ByuL’s the last zerg to play in this round, and (T)SpeeD will be the final terran. It’s been a strange year for the ex-KT rookie, going from genuine unknown to hot prospect to retirement within the past seven months. SpeeD is taking an unknown amount of time off to return to his studies, and it’s possible that his matches tonight will be the last we ever see of him. If that’s the case, it’ll be a big loss to the scene. While his play is undeniably raw and error-strewn, there was undeniable promise shown in his GSL games last season, particularly in his 3-2 Code A win over Classic. It would’ve been intriguing to see if an extended stay in the KT house could’ve honed him further, but that’s a future that’s likely never to occur. In a world where there is practically no up and coming talent emerging in the Korean scene, to the point where Patience is likely to win the Proleague Rookie of the Year award, that’s a real shame. SpeeD has openly admitted to being rusty coming into this match, but hopefully he can give us one last showing of the player he could have been.

Onto the protosses then. In each group containing a protoss so far, at least one has progressed to the next round (Zest, MyuNgSiK, Classic, sOs, herO). That’s a pattern that looks to be continuing here—Patience and Dear are undoubtedly the favourites. In both cases though, that’s more of an indication of the weakness of the opponents they’re up against rather than vindication of their own skills.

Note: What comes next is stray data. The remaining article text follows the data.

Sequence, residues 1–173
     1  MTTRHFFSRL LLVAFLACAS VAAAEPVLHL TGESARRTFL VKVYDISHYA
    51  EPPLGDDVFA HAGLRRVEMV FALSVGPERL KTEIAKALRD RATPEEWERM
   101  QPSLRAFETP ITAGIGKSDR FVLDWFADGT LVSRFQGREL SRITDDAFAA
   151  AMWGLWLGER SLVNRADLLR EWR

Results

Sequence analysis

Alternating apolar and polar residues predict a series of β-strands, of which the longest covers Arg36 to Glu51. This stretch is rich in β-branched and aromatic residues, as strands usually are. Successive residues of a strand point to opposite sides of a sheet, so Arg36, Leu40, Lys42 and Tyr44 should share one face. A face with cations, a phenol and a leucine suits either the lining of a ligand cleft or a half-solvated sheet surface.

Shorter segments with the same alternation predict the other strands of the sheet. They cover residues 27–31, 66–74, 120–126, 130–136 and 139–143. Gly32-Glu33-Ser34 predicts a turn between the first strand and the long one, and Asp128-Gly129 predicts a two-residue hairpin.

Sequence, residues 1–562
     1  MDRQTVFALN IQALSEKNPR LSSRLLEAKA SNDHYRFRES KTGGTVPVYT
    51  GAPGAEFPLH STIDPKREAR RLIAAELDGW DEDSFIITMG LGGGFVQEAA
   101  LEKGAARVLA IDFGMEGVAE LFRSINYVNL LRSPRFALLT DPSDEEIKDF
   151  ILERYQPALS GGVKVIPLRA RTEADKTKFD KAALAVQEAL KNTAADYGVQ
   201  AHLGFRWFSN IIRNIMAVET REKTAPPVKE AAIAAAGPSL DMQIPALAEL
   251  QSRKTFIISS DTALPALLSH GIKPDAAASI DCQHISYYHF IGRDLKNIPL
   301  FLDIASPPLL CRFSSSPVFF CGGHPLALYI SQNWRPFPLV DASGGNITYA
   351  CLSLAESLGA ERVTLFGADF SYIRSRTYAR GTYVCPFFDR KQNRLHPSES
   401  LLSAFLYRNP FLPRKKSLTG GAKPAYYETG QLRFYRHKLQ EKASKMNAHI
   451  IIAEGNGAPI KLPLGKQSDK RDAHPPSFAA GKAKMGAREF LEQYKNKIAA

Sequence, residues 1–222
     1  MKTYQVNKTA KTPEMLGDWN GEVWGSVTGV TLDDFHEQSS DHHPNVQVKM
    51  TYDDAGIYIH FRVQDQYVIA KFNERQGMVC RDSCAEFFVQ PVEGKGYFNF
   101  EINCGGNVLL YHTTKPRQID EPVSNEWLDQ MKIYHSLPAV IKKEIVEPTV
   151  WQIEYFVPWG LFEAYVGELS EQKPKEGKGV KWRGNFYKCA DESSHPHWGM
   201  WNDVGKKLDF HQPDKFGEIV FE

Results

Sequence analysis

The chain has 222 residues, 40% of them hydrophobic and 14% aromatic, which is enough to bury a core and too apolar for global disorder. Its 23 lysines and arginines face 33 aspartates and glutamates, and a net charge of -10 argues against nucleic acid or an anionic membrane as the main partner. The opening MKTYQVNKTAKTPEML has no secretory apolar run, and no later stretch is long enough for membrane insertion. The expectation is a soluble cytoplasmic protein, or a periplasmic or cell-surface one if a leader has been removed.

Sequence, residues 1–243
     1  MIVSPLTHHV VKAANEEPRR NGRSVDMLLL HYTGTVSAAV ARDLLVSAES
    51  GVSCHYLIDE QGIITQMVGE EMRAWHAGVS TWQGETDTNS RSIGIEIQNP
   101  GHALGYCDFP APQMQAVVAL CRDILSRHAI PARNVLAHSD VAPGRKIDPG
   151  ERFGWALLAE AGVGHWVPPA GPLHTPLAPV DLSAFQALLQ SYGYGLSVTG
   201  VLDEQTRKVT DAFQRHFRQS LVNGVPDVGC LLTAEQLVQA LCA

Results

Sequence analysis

(P)Patience has been a weird case this year. He’s been repeatedly praised by Artosis for his cerebral play, but he’s still short of firepower to consistently take on the best in the world. Take his Proleague wins over Classic and Dark in early July for instance—excellent displays that underline the analytical prowess for which he’s known. But then you get games like his last match against herO in Proleague, where the CJ player’s superior mechanical skills more than made up for the difference. He’s much like MyuNgSiK—both clever, scheming protosses who make up for their weak control (relative to the rest of the Korean pro scene) with the subtlety of their strategies. However, as we’ve seen with both, there’s only so far you can go if their opponents crank their micro up to 11. In a year of steady improvement for Patience though, this should be an easy step forwards.